This article was originally published in The Dundee Courier on 8 July 2017.
MELVYN BRAGG ON TV: THE BOX THAT CHANGED THE WORLD: Saturday, BBC Two
ROCK ‘N’ ROLL GUNS FOR HIRE: THE UNTOLD STORY OF THE SIDEMAN: Friday, BBC Four
It’s no exaggeration to claim that the birth of Melvyn Bragg triggered a cultural revolution of staggering importance.
That much I gleaned from MELVYN BRAGG ON TV: THE BOX THAT CHANGED THE WORLD, a two-hour muse-a-thon in which the veteran arts nabob examined the myriad ways in which British television has reflected, challenged and transformed society over the last 60 years.
Clips from his own - admittedly unforgettable – interviews with Dennis Potter and Francis Bacon were included among the wealth of familiar archive material, lest we forget that Lord Bragg has played a major role in bringing culture to the masses.
The programme spliced a series of Bragg-narrated essays on various key areas – news, documentary, drama, comedy – with sensible round-table discussions from broadcasting luminaries such as Joan Bakewell, Michael Grade and Ken Loach.
They didn’t have to work particularly hard to support the overarching point that television is the most important technological innovation since the Industrial Revolution.
This window to the world has expanded our horizons via explorations of inner and outer space while chronicling the ways in which society has developed over the last seven decades.
It’s brought truth to power by making politicians more accountable. It’s challenged lies and prejudices, broken down class, race and gender barriers, and brought news of vital historic import into our homes with increasing speed.
However, as Bragg observed, it’s also undermined these noble egalitarian achievements by presenting simplified, reactionary and sometimes dangerously irresponsible reflections of society past and present.
Most of the points raised were sound and reasonable. But they were also blatantly self-evident and unchallenging, especially for viewers with even a passing interest in or knowledge of television history. Which is most of us, right?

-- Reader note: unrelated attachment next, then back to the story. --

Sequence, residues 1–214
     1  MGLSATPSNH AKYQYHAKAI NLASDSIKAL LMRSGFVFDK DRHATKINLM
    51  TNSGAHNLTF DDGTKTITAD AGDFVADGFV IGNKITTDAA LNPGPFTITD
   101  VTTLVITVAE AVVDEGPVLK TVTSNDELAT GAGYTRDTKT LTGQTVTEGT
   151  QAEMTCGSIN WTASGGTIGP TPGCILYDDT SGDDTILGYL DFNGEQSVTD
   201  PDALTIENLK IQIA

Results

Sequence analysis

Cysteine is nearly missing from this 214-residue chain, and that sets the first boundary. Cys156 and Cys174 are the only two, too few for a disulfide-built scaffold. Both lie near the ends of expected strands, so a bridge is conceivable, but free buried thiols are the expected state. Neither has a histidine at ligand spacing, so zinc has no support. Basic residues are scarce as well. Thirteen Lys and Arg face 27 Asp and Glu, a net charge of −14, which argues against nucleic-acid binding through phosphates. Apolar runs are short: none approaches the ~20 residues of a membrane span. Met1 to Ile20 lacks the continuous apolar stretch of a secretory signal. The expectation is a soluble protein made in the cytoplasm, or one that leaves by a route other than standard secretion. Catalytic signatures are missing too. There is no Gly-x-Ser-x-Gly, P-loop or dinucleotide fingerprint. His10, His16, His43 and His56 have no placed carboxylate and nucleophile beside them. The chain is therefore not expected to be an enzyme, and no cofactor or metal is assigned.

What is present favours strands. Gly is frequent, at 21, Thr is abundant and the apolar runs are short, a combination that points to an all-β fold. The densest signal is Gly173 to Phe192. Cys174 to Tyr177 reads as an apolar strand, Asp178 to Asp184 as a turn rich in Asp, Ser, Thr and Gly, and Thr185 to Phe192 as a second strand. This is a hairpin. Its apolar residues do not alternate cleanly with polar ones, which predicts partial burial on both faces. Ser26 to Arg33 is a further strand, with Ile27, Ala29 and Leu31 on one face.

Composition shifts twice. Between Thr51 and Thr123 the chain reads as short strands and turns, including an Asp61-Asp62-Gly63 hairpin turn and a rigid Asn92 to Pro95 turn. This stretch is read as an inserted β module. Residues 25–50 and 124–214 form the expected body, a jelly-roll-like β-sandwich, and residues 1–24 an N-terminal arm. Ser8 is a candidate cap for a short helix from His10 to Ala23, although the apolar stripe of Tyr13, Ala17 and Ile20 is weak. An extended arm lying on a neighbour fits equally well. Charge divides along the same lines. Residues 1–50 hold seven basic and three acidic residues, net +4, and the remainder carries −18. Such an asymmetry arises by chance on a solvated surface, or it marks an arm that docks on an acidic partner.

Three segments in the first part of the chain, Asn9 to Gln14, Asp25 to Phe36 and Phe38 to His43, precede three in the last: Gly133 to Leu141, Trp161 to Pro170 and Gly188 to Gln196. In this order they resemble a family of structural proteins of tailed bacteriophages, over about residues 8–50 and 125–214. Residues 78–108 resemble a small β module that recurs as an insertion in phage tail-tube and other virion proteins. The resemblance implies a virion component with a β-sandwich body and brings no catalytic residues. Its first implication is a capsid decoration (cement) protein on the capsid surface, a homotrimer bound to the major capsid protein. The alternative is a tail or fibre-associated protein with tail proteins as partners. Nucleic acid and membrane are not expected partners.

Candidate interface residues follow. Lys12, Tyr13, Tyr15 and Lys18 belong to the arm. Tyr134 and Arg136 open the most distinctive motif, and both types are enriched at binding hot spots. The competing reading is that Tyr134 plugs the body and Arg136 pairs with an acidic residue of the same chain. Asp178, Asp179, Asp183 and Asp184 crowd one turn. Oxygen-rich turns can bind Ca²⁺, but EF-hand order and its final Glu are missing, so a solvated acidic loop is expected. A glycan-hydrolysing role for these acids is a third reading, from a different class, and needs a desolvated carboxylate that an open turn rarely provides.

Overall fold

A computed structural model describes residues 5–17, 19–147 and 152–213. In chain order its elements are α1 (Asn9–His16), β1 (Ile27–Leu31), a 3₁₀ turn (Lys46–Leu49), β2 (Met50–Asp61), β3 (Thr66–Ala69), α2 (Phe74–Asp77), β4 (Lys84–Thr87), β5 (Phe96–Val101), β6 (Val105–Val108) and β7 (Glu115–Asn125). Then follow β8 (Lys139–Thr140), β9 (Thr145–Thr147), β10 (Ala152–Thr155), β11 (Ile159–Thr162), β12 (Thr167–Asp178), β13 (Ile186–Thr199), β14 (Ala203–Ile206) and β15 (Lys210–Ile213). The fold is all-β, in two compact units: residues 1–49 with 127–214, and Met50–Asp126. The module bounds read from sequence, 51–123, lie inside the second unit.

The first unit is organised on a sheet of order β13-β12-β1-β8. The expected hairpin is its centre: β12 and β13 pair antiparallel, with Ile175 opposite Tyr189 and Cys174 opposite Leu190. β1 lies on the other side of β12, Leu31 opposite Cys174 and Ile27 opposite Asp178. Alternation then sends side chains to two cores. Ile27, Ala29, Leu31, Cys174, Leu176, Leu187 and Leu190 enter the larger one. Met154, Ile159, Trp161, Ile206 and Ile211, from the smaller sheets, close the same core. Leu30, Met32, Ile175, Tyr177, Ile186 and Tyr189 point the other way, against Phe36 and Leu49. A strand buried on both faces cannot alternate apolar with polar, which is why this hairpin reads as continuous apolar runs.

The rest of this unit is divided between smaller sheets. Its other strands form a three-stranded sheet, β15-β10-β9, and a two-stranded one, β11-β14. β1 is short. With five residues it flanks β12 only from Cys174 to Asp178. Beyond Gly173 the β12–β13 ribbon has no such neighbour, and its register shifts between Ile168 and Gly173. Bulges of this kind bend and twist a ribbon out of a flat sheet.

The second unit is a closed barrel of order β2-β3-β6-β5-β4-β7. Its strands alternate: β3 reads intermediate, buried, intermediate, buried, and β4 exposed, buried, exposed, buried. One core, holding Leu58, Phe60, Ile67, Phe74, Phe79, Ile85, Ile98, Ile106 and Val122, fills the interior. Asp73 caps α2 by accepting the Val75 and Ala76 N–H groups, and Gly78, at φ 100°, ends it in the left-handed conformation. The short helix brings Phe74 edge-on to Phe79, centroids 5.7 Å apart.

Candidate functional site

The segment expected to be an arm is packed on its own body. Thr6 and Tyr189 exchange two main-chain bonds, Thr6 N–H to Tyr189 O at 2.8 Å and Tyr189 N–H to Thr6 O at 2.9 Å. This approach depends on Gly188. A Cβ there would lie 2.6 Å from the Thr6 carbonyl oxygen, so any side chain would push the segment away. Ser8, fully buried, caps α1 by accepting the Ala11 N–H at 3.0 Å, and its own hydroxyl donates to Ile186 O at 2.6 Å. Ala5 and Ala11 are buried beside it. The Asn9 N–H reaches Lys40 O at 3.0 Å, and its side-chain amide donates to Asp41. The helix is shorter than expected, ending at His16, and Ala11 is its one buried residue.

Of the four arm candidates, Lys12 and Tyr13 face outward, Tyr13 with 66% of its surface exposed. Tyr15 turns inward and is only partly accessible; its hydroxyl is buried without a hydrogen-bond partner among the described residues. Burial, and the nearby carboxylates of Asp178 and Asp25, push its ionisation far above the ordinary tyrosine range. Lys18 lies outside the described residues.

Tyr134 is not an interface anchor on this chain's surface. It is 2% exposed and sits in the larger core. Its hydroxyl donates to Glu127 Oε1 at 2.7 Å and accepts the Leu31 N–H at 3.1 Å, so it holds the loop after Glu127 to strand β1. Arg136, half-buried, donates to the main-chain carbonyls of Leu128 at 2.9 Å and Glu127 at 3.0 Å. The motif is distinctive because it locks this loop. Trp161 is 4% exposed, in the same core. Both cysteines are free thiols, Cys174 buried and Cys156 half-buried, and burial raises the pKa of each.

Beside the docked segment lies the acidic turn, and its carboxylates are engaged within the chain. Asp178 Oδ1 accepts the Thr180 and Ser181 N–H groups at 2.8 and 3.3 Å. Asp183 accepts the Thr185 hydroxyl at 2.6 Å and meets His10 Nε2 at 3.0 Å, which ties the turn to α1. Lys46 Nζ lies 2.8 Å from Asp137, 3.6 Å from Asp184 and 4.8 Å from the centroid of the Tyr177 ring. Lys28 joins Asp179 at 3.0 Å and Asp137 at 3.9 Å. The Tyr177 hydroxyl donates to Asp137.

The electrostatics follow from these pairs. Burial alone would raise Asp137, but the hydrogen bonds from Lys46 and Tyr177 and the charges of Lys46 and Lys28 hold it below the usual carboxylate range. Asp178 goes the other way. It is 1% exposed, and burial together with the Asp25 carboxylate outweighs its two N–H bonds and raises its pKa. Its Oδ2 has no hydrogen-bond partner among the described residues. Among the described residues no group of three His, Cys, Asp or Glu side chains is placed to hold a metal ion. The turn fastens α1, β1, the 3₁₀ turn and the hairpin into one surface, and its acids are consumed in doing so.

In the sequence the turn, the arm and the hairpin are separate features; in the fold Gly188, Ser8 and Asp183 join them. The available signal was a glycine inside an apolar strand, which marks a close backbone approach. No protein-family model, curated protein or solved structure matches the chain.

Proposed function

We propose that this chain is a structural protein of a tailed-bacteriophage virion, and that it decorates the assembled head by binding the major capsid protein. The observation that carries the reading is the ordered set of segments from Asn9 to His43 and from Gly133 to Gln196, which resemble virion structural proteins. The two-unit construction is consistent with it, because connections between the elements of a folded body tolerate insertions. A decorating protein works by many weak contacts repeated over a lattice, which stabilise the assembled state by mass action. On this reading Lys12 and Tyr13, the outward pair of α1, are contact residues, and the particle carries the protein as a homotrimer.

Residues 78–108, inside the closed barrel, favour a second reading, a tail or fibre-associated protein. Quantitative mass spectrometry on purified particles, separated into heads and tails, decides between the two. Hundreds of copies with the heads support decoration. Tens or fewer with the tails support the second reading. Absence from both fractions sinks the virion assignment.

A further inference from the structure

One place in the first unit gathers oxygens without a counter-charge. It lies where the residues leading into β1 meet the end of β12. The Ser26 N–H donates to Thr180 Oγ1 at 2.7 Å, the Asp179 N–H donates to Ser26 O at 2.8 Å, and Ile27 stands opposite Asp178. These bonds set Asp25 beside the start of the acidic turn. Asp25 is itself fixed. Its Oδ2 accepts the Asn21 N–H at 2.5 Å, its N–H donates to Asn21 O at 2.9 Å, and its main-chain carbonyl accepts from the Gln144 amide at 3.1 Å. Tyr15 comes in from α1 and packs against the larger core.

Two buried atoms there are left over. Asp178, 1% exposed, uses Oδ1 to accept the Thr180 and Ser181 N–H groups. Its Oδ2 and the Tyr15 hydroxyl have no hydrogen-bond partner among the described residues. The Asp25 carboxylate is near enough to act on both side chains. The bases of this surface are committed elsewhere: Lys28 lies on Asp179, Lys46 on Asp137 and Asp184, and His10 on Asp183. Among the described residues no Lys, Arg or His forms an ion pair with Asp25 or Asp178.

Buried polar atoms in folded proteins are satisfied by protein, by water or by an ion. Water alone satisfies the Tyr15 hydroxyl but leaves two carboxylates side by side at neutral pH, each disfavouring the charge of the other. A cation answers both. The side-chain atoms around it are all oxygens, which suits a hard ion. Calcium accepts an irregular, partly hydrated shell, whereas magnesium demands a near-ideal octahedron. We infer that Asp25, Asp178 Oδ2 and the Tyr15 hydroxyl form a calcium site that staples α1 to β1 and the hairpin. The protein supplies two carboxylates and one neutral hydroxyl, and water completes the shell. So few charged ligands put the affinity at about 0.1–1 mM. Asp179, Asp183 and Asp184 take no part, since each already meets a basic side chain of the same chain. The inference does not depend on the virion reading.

I’m a television critic – you may have noticed – so this is my field of so-called expertise, but I doubt that anyone over the age of 35 learned anything new. So who was the programme aimed at? Young media students? If that’s the case, then a superficial overview involving dry discussions between Melvyn Bragg and the author of Foyle’s War probably wasn’t the ideal approach.
I’m not suggesting that it should’ve been replaced by a dumbed-down clip show hosted by Nick Grimshaw and a wacky talking iPad, but the comfortably old-guard, Radio 4-ish tone of the programme was at odds with the theoretically wide-ranging, pan-generational, democratic spirit of the medium it sought to examine.
It reminded me of seminal news spoof The Day Today’s classic ‘Attitudes Night’ sketch, which so perfectly skewered the well-meaning pomposity of these sociological TV essays over 20 years ago. I dare say Bragg has never seen it.
Still, I can’t thank him enough for giving us another chance to enjoy that rarely-seen footage of Del Boy falling through the bar.
The secret to exploring well-worn avenues of popular culture is to approach them from a niche perspective. ROCK ‘N’ ROLL GUNS FOR HIRE: THE UNTOLD STORY OF THE SIDEMEN did just that.
This enjoyable documentary featured revealing contributions from a handful of notable payroll musicians – those unsung heroes whose job it is to support the vision of spotlight-hogging artists – such as Wendy and Lisa (Prince), Bernard Fowler (The Rolling Stones) and our endearingly rock ‘n’ roll cliché of a host, Earl Slick (David Bowie).
The pathos and insecurity of a life spent sublimating your ego to the whims of musical icons was sympathetically captured in this warm odyssey into the shadows of stardom.